La Dolce Vita!

September 22, 2015
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An eighth-grader explained year-end testing at his school — in addition to taking written tests, he’s developing a creative project and a presentation that lasts several hours. Sound unfamiliar? It’s no wonder — this is testing in Italian schools.

A group of Baylor School of Education master’s candidates explored this and other differences between American and Italian schools during a study-abroad experience in May. This year, five students and two professors took the trip.

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“The student said his project had a dream theme,” Baylor student Malloy Butler explained. “He was comparing A Midsummer Night’s Dream, Alice in Wonderland, and Martin Luther King Jr.’s ‘I Have a Dream’ speech. The independence of his learning and the appreciation of his creativity are different than what we see here.”

Dr. Trena Wilkerson, professor of curriculum and instruction, said the comparison of the two educational systems is exactly what the experience is designed to accomplish. Baylor students visit elementary and middle schools in Florence and Rome, and they see a lot of variety even between schools in Italy.

Each school gave me a unique experience,” Alexa Samuel said. “And I hope to apply much of what I observed in my own classroom.”

F15-Italy-GlobalGraphic-400Master’s student Alyssa Messier was fascinated by the Scuola Citta Pestalozzi in Florence, an experimental lab school where students serve as representatives and each class develops a constitution. “It was an amazing experience to see how well it can actually work, and it gave me a new level of excitement for my work in civics education,” Messier said. “It was the epitome of what Baylor has taught me is a good school.”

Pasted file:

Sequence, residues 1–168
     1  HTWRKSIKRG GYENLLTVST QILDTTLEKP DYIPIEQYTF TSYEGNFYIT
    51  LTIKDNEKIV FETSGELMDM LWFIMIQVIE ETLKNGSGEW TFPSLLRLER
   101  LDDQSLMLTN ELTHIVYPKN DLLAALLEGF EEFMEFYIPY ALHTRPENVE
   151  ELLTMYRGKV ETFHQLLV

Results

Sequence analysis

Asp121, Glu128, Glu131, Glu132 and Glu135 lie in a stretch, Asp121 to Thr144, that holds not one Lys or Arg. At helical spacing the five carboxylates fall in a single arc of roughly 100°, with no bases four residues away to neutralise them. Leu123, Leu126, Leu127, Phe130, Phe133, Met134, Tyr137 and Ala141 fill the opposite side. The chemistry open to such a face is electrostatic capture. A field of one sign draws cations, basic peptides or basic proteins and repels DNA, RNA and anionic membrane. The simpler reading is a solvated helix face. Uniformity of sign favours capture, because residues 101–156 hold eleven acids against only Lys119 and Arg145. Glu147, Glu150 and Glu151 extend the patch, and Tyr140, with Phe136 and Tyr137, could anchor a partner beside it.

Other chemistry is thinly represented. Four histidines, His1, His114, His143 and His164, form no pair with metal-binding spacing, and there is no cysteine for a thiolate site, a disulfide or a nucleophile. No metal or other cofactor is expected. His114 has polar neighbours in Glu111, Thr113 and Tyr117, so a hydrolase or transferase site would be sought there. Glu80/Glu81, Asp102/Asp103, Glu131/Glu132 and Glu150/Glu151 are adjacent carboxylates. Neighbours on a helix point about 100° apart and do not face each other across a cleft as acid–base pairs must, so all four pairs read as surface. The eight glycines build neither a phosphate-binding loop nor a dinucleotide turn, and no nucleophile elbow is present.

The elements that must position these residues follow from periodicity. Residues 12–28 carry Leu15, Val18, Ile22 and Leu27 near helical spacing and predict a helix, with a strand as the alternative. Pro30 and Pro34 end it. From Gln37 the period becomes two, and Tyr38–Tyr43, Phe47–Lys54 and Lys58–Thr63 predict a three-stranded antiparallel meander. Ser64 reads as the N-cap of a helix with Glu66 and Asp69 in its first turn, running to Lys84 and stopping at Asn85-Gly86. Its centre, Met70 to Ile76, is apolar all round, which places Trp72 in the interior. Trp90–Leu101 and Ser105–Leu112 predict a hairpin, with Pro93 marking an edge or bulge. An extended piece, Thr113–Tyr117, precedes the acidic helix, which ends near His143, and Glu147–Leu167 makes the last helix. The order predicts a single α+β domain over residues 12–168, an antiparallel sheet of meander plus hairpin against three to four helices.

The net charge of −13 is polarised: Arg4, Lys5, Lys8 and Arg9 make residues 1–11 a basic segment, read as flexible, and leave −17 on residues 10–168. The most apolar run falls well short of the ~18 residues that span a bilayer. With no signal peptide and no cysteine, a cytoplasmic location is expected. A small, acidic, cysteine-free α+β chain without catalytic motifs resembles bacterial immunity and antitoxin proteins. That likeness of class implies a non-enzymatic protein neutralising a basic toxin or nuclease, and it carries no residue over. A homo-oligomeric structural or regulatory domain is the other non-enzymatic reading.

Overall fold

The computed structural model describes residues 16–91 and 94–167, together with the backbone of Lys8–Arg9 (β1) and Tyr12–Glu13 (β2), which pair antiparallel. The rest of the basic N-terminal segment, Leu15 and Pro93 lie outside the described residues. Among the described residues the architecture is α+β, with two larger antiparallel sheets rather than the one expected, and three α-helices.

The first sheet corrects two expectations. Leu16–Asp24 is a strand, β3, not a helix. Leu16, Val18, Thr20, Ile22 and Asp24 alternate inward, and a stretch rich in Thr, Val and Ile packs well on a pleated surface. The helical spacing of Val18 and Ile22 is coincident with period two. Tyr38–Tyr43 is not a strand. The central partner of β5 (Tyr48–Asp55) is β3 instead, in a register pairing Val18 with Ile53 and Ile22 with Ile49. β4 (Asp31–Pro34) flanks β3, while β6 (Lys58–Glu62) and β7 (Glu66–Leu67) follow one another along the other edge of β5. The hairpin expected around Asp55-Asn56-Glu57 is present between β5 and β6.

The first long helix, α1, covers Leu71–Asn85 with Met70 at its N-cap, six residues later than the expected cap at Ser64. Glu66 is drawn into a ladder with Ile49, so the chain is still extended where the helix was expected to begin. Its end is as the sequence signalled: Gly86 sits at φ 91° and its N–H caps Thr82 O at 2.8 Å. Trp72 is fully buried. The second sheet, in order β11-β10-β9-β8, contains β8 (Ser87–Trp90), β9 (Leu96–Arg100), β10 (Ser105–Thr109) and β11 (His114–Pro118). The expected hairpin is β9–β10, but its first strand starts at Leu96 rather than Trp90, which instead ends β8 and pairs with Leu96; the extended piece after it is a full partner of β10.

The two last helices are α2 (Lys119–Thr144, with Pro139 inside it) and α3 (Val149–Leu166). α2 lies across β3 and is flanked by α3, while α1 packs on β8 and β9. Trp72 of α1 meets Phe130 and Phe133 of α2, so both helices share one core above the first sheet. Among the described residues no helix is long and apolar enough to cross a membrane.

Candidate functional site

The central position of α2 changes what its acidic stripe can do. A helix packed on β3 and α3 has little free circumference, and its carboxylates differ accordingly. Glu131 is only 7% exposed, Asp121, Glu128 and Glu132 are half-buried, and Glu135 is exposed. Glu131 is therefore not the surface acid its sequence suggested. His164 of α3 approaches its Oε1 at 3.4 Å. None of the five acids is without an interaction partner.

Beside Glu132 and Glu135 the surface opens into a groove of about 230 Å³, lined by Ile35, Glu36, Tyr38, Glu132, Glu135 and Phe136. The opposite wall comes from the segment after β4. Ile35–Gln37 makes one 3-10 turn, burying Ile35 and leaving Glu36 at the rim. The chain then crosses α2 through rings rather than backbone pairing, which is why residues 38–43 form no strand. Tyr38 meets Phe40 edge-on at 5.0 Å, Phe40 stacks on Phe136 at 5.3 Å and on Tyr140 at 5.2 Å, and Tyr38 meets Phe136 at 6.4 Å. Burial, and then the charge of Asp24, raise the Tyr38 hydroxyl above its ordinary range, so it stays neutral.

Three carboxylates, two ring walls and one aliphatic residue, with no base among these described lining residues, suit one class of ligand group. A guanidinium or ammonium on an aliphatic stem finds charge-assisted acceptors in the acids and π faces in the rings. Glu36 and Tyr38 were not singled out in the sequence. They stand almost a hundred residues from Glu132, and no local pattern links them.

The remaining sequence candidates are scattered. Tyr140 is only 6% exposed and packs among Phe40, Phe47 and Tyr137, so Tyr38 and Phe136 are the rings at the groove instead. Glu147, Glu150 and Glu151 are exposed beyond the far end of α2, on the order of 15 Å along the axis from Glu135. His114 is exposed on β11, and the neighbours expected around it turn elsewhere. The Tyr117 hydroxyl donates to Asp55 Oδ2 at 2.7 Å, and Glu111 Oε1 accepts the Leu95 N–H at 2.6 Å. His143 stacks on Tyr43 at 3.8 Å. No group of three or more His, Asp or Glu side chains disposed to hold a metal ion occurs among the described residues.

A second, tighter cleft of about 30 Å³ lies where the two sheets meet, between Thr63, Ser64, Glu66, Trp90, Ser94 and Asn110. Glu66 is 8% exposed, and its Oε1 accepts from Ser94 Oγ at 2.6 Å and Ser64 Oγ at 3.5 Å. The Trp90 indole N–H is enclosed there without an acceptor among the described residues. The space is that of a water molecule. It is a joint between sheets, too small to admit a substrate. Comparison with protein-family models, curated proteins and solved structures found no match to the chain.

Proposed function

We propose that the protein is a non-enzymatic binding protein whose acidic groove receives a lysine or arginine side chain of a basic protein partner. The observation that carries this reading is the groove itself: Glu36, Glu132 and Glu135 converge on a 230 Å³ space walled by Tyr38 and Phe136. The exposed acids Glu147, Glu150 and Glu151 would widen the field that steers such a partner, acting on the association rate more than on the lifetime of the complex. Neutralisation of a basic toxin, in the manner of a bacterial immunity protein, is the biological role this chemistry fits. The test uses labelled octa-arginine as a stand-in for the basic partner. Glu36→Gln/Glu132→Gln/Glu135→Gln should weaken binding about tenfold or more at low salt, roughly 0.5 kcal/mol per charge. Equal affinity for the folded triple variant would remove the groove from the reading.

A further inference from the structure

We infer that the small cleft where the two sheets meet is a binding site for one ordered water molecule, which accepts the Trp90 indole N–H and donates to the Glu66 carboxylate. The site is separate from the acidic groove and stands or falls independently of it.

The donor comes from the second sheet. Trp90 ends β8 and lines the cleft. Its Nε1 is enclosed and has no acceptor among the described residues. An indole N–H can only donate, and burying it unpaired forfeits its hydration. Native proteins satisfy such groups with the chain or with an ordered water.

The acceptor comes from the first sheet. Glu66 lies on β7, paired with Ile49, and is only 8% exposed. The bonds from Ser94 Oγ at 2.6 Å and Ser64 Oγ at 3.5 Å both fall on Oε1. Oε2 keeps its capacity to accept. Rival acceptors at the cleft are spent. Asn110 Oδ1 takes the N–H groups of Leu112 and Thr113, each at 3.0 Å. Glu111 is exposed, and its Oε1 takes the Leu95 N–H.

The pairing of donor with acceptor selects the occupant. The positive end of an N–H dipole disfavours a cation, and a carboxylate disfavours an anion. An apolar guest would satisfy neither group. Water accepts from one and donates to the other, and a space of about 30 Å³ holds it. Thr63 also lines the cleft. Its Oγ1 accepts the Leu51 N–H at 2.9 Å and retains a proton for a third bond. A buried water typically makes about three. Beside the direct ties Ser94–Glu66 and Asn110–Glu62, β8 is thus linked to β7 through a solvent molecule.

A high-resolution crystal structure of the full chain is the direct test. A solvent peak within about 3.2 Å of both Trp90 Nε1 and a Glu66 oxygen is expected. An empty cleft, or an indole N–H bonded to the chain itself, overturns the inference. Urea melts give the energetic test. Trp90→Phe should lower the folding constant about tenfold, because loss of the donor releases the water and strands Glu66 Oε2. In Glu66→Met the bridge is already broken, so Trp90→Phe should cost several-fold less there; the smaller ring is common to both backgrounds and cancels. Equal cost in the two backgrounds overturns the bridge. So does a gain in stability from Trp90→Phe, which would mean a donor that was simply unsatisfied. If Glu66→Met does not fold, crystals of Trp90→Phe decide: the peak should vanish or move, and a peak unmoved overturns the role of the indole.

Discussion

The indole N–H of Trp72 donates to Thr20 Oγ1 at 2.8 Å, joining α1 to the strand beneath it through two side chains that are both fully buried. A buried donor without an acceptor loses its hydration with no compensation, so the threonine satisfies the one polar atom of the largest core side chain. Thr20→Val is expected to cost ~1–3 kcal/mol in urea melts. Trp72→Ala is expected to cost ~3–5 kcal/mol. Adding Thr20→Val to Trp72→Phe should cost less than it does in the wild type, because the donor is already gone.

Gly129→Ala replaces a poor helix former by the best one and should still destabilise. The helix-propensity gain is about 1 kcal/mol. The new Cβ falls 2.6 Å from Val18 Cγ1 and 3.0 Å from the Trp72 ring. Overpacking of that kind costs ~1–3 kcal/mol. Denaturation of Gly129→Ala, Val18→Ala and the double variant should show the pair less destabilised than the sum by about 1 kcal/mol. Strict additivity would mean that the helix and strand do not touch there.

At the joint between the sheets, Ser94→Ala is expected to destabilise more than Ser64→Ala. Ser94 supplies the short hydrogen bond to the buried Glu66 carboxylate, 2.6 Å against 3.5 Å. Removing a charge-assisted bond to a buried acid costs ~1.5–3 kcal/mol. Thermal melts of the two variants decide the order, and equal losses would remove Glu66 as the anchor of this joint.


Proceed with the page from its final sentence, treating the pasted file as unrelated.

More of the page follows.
The Pestalozzi school was a highlight for all the students — even Emily Rice, who has studied abroad on three continents with the School of Education. She said the Pestalozzi school was the most fascinating in Italy, Australia or Costa Rica.

“The school developed a sense of community,” she said. “In the classroom, all supplies are shared, so that students learn to respect community property. It was a great way to prepare them to be good citizens."

Italian students also enjoy a freedom that American students don’t, Morgan Slechta said. “Students were given much more responsibility. They could walk around the school without a hall pass or someone to accompany them.”

Baylor students also noticed that beautiful original artwork by students covered each school’s interior walls. Florence’s North Machiavelli Middle School, a partner campus of the School of Education, has artisans from the neighborhood who mentor students in art — from landscape painting to violin construction.

“A major part of our trip is understanding the culture in which these schools are set, including the importance of art,” said Dr. Randy Wood, who has developed much of the program. “So we see the historic and artistic sites to experience what Italian people have lived for thousands of years.”
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